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Discussion Starter #1
Dated July 2008:

https://www.ntiadtv.gov/download/newsletter.cfm


"The TV Converter Box Coupon Program now offers a Returns process to handle returns of Coupon Eligible Converter Boxes (CECBs)."


"Retailers participating in the Program have 30 days to agree to the Returns terms displayed at their accounts"

Agree to their arm-bending tactics or loose ability to sell boxes while redeeming coupons ?!


"Retailers who haven't agreed to the terms by the Aug. 15, 2008, deadline will be deactivated and no longer will be able to accept and redeem coupons for CECBs."

More arm twisting, existing dealers not agreeing with new terms will vanish ?!


"The coupon redemption amount from returned boxes on which Coupons were redeemed is sent back to the U.S. Treasury and credited to the Coupon Program, ensuring that unused Program funds are available for reuse."


"The returns amount is deducted from the retailer's next payment due for processed coupons. If the coupon payment is less than the amount of the returns, retailers don't receive payment until the remaining coupon amount exceeds the returns amount."

Sheesh ....

While it does free us up to use a nearby person's address to get a replacement set of coupons because the funds will be recycled,

Why we can't use the money ALREADY ALLOTED TO US BY DUE PROCESS to go to another store and buy what we wanted in the first place after we were forced in an UNIMFORMED manner to enter into a 90-day (minus USPS transit time) agreement which forced us to buy the only crap that was available at the time!
 

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Discussion Starter #2
Other tidbits to know in case your waiting until the last day to use these:


"When it comes to coupon redemption, the important time to remember is Midnight, Eastern Time. All coupons expire at that time, with the emphasis on Eastern. No matter where your store is located, be aware that the coupon no longer will be valid on its expiration date once the clock strikes Midnight in the Eastern time zone."


"If you try to redeem a consumer's $40 coupon and get a denial at the time of purchase, the natural inclination is to try again. But be aware: after 4 failed attempts to redeem a coupon the same day, the coupon becomes invalid for that day. This can cause a problem if the coupon expires that day."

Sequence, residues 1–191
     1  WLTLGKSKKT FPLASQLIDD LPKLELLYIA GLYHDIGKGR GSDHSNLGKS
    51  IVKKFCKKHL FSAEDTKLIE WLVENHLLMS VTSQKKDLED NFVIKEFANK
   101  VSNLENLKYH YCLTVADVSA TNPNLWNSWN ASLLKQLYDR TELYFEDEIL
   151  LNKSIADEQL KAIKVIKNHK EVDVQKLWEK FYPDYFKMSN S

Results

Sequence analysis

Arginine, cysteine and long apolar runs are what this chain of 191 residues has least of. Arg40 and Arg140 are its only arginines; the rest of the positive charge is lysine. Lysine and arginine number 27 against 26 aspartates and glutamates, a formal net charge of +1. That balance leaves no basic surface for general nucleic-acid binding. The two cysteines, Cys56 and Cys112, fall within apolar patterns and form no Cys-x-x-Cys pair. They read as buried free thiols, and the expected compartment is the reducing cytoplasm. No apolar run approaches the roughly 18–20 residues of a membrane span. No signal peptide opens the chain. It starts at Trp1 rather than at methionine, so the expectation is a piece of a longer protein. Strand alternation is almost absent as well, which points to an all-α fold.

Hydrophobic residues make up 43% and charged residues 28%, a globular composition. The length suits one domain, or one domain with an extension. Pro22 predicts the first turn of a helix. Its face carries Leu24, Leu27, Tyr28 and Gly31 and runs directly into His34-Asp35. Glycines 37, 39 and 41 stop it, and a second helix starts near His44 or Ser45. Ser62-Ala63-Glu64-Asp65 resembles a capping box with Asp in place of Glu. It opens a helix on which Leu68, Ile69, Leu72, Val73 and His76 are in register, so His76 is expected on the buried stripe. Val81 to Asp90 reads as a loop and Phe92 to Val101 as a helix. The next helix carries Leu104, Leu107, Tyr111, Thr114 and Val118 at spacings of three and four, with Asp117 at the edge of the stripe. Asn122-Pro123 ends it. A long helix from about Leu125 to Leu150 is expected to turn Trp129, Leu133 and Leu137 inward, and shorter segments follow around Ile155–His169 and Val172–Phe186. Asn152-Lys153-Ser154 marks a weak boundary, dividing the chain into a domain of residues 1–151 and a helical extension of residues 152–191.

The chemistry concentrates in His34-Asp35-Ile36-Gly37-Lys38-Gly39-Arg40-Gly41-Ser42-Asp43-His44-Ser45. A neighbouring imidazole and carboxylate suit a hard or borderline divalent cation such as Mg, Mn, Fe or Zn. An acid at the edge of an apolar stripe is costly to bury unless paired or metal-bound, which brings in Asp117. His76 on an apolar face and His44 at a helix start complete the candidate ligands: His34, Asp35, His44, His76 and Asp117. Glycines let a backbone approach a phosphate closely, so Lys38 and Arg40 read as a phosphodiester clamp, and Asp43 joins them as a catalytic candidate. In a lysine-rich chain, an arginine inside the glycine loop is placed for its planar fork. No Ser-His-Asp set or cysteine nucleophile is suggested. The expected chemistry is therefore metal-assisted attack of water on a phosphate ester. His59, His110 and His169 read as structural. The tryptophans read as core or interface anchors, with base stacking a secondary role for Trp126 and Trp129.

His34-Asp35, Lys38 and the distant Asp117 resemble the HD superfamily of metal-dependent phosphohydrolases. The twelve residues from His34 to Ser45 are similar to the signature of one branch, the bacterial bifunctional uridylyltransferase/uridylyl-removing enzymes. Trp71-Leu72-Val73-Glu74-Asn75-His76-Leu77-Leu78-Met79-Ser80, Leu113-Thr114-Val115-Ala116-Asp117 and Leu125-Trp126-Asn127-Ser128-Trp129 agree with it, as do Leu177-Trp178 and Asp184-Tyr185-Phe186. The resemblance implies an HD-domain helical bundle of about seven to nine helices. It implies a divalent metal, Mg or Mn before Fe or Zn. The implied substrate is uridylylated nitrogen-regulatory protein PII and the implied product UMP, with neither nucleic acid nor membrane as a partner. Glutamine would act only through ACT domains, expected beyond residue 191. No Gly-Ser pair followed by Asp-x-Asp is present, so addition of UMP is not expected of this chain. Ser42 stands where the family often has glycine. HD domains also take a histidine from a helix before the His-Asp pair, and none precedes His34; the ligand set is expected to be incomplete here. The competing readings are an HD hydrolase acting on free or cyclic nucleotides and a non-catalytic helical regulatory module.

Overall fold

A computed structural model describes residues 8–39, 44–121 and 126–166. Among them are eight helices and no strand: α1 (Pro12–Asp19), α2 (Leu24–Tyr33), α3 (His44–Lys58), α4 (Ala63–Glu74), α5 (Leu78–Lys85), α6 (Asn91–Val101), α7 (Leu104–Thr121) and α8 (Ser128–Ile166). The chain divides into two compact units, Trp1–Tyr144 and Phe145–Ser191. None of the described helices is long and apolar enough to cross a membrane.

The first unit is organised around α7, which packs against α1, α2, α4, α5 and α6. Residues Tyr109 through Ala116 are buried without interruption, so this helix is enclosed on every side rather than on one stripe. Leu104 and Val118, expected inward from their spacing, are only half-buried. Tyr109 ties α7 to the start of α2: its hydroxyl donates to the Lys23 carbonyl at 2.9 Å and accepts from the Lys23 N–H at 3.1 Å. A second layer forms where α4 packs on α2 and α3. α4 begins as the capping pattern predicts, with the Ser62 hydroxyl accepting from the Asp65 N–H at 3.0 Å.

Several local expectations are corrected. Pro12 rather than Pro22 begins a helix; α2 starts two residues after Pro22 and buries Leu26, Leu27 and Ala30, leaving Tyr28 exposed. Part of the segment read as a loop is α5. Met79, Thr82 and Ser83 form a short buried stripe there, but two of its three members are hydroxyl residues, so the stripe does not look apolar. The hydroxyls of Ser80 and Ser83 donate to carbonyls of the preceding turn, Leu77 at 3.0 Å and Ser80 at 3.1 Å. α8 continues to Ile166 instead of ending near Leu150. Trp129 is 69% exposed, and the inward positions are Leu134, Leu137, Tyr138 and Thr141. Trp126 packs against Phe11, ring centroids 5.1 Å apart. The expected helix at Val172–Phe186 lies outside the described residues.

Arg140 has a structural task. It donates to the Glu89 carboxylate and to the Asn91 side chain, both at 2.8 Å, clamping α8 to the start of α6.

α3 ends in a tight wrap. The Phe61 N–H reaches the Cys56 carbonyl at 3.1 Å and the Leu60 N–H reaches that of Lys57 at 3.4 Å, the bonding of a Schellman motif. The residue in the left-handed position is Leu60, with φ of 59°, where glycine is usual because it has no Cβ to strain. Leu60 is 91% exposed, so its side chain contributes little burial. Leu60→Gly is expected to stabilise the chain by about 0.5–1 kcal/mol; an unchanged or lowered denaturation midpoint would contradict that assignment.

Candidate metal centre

From Other Pages:

http://www.broadcastingcable.com/article/CA6579770.html

"Stations in the Wilmington, N.C. , market are shutting off their analog early -- Sept. 8 -- to help the FCC gauge the impact of the switch to digital"
 

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Quote:
Originally Posted by WeThePeople /forum/post/14340867


The coupon redemption amount from returned boxes on which Coupons were redeemed is sent back to the U.S. Treasury and credited to the Coupon Program, ensuring that unused Program funds are available for reuse."

Well..... that's better than the old system:


- Return box to Circuit City (or whomever).

- Get $23 credited back to Visa card.

- Circuit City gets to keep the 40 dollars paid to them by the U.S. Government.


Yep the new rule is definitely an improvement, as the money goes back to the Taxpayer's Congressional Treasury instead of acting like corporate welfare to Circuit City (or whomever).
 

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I'm sure one of the reasons they'd rather have you get a neighbor to order coupons is their 10% cut. They get admin money if they process 2 coupons in a "new" household, and they get nothing to fix their earlier mistakes. And that gives them the chance to take over even more money if half of those coupons go unredeemed.
 

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Quote:
Originally Posted by WeThePeople /forum/post/14340867


"The coupon redemption amount from returned boxes on which Coupons were redeemed is sent back to the U.S. Treasury and credited to the Coupon Program, ensuring that unused Program funds are available for reuse."


"The returns amount is deducted from the retailer's next payment due for processed coupons. If the coupon payment is less than the amount of the returns, retailers don't receive payment until the remaining coupon amount exceeds the returns amount."

Why would any retailer tell the gov't they got a CECB return and not just pocket the money?